Zoe is a current MPhil student on the children’s literature course. She enjoys reading and writing stories.
Note: I wrote this blog entry while rereading my Essay 1. This short reflective piece addresses some of the thoughts that I would very much like to put in my essay if I had more time and a larger word count.
As a child, I always had a book hidden somewhere: under my pillows, beneath my crumpled T-shirts, behind the bathroom door, and between the navy-blue layers of my schoolbag—as I firmly believed that a book must be well-hidden in order to avoid persecution from adults. While I preferred to hide my books in different places (mainly in order to lower the risks of exposure), I also managed to save a corner for my personal collection of ‘banned books’ inside my desk drawers at home and at school. These corners were, unsurprisingly, dark, narrow, dusty and moldy. As a result, my books were usually covered in sawdust, smeared with dirt and milk stains, and emitted a curious smell of orange pips and melted chocolate. The pages became dogged-eared and sometimes torn, not because I ran my fingers on them often, but because I had to perform a routine task of thrusting them into of my drawers at light speed. I believe I must have been quite good at this particular practice, for my hidden collection was never once discovered by my parents or teachers.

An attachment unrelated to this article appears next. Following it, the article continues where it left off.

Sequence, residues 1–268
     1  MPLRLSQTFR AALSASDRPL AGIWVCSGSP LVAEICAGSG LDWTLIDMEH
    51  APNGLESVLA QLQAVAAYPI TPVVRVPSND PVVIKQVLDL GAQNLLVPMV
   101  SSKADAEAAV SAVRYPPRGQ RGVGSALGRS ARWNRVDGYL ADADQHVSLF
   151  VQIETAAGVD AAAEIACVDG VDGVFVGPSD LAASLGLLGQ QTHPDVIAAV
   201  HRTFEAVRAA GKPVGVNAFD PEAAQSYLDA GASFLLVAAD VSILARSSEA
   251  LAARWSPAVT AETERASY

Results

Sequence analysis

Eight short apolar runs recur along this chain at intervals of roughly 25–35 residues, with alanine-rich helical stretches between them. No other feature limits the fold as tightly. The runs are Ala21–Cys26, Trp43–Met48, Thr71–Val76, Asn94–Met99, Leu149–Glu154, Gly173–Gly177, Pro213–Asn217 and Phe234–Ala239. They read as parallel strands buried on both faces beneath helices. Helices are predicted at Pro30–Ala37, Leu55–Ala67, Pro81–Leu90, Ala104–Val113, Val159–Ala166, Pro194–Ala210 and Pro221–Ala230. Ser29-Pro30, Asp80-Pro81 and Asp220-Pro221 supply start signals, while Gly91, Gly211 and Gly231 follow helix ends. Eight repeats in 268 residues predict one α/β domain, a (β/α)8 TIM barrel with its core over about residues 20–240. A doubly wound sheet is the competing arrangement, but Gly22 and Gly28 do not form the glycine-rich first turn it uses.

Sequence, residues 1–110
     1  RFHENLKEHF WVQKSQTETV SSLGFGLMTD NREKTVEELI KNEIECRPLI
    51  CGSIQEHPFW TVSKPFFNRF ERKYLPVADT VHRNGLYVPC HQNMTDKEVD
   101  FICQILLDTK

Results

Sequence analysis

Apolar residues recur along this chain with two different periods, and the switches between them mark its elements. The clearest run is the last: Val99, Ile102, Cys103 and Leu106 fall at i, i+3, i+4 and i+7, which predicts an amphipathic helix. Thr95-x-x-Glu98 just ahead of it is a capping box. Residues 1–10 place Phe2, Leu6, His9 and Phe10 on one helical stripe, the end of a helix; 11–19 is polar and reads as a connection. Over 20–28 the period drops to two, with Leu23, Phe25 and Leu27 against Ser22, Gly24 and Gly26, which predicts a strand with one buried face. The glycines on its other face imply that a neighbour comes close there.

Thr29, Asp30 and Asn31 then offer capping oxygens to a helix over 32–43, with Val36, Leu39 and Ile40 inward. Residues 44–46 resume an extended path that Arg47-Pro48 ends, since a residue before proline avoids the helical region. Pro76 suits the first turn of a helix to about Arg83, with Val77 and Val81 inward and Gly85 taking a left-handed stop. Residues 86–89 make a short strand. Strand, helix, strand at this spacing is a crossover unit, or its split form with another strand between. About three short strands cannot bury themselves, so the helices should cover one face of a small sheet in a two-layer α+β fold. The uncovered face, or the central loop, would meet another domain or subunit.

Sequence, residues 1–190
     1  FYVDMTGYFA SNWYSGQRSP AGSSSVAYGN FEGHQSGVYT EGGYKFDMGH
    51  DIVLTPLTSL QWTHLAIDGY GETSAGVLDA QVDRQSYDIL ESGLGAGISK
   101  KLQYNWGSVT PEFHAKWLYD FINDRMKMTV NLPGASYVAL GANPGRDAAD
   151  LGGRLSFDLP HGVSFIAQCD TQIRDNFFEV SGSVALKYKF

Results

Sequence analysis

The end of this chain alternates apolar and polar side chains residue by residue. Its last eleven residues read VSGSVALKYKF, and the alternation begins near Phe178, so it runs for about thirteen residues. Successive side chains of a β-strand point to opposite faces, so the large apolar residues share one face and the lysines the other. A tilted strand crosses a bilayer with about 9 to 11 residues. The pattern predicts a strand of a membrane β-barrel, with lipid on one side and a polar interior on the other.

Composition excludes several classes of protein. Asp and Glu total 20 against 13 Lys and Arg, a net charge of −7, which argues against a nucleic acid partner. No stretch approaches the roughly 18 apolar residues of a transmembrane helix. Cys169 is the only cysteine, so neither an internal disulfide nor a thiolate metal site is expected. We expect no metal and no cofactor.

My forbidden library started with a palm-sized magazine named ‘Story Collections’ (《故事会》). It was a popular magazine with miscellaneous contents, including jokes, Chinese folktales, foreign stories, and short stories depicting contemporary Chinese social life and popular culture. I first discovered it in a newsagent’s shop on the way to school. When my Chinese teacher saw me sniggering behind this magazine at recess, she snatched it away and sternly pointed out that stories in this magazine are ‘not fit for a primary school student’ and ‘of low taste’, affording no aesthetic or educational value whatsoever. My parents agreed likewise and ordered me to return to my textbooks immediately. However, entranced by the gripping conflicts in the adult world and the outlandish spaces of adventure in these stories, I started hoarding the magazines inside my desk drawers. Safely surrounded by a stack of textbooks, exercise papers and notebooks, my precious collection survived under the prying eyes of the adults, and was left to prosper on its own.